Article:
WLF comments at 6. The WLF comments are an instructive reminder that the First Amendment is still out there, stronger than ever, after Sorrell v. IMS Health Inc., 131 S.Ct. 2653, 2659 (2011), and United States v. Caronia, 703 F.3d 149, 169 (2d Cir. 2012), and that there are other avenues besides tort litigation
for pursuing the issue.
We’re not sure how far the WLF is going to get with this, since the FDA activity at issue is a “draft guidance,” which is hedged all around with assertions of lack of finality specifically designed to insulate the Agency from judicial review. But it’s clear to us that the FDA is on the wrong side of history here, and sooner or later its meat-axe approach to off-label promotion will fall before the Constitution’s guarantee of free speech. Perhaps the WLF will be able to reopen its litigation from over a decade ago (see WLF comments at pp. 13-15) and be the catalyst for bringing this result about. The subject matter here – distribution of peer-reviewed scientific articles and medical textbooks – is probably the strongest set of facts for a favorable ruling.
Our fourth item comes courtesy of Vani Singhal at McAfee & Taft. She informs us that Oklahoma has re-enacted at least part of the tort reform legislation (see here for our previous discussion), that the Oklahoma Supreme Court struck down on technical (single subject) grounds in Douglas v. Cox Retirement Properties, Inc., 302 P.3d 789 (Okla. 2013). This new act does two things: (1) it precludes litigation against intermediate sellers unless they either took some affirmative action with respect to the product, or the manufacturer for some reason can’t be sued; and (2) it creates a compliance presumption concerning federal safety standards. The compliance presumption is rather wimpy in that it’s rebuttable on a “preponderance of the evidence” basis with evidence that the standards were “inadequate” (among other reasons) This conjures up interesting preemption questions with respect to state juries explicitly passing on the “adequacy” of federal safety standards. We suppose it’s better than nothing, however, since at least it shifts the burden of proof. The intermediate seller provisions should come in handy in removal/fraudulent joinder situations.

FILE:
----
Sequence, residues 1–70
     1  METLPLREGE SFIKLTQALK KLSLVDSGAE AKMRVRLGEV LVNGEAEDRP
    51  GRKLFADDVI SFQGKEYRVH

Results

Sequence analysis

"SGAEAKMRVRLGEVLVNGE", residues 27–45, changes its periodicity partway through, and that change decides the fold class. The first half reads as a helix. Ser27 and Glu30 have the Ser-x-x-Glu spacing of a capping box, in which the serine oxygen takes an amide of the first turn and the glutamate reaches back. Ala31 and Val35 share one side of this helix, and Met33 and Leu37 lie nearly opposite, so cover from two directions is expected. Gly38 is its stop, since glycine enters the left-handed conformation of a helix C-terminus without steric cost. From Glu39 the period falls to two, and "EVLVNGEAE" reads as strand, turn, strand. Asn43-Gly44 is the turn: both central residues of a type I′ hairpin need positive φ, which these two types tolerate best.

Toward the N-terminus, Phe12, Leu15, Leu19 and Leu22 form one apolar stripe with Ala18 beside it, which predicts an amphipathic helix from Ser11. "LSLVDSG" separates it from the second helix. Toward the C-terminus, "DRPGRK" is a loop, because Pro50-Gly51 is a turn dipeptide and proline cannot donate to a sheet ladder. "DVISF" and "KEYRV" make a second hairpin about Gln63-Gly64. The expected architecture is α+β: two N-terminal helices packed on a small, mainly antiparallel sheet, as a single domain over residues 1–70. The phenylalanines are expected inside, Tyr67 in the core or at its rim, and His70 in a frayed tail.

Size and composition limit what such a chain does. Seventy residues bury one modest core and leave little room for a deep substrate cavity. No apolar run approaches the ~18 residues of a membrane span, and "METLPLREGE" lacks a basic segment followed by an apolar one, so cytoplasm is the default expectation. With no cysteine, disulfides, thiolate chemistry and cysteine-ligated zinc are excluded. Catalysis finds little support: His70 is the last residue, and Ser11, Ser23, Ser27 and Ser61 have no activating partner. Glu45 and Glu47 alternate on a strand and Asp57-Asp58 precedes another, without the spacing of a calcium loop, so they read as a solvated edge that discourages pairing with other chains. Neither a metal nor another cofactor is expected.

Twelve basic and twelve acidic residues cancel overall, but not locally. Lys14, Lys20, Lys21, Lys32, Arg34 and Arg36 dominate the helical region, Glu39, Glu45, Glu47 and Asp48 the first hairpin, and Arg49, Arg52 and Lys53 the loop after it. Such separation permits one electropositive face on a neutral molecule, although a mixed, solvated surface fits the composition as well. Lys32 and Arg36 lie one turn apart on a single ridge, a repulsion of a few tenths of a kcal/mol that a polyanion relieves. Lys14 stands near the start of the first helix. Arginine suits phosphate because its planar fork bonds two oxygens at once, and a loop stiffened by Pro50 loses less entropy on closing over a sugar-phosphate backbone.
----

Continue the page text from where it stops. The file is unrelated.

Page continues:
Number five. Remember the preemption decision in Allergan, Inc. v. Athena Cosmetics, Inc., 738 F.3d 1350 (Fed. Cir. 2013)? We discussed it here. We viewed that case as: (1) coming from left field, since we’ve never seen a Federal Circuit case on tort preemption concerning any type of prescription medical product before, and (2) poorly reasoned, since it allowed a plaintiff asserting a state-law claim to enjoin the distribution of a product that the FDA allowed on the market essentially on the ground that the FDA followed what the plaintiff considered to be an incorrect procedure and did not impose an approval process
that the plaintiff claims should have been mandatory. The defendant, Athena, filed a certiorari petition raising the interesting Buckman-related question:
The question presented is whether, under Buckman, the FDCA impliedly preempts a private state-law claim for unfair competition premised on a party’s purported failure to obtain FDA approval, where FDA itself has not imposed any such requirement.
Petition at i. Also of interest (at least to us) the petition cites to two of our blogposts (at pp. 26, 38). That’s a first as far as we know. We’ll see where
this case goes, if anywhere.
Sixth, also on the appellate front: We’ve blogged several times about the fate of a supersized 8-figure verdict for a plaintiff who wasn’t even hurt all that much in Polett v. Public Communications, 83 A.3d 205 (Pa. Super. 2013) (en banc). While Bexis was rafting, the Pennsylvania Supreme Court granted an appeal in Polett, on three of the four main issues: (1) exclusion of plaintiff’s Mary-Carter-like “tolling agreement” with her treating physician; (2) flipping the burden of proof on causation; and (3) the plaintiff not identifying said treater as an expert when the expert opinion only surfaced after the treater was Mary Cartered.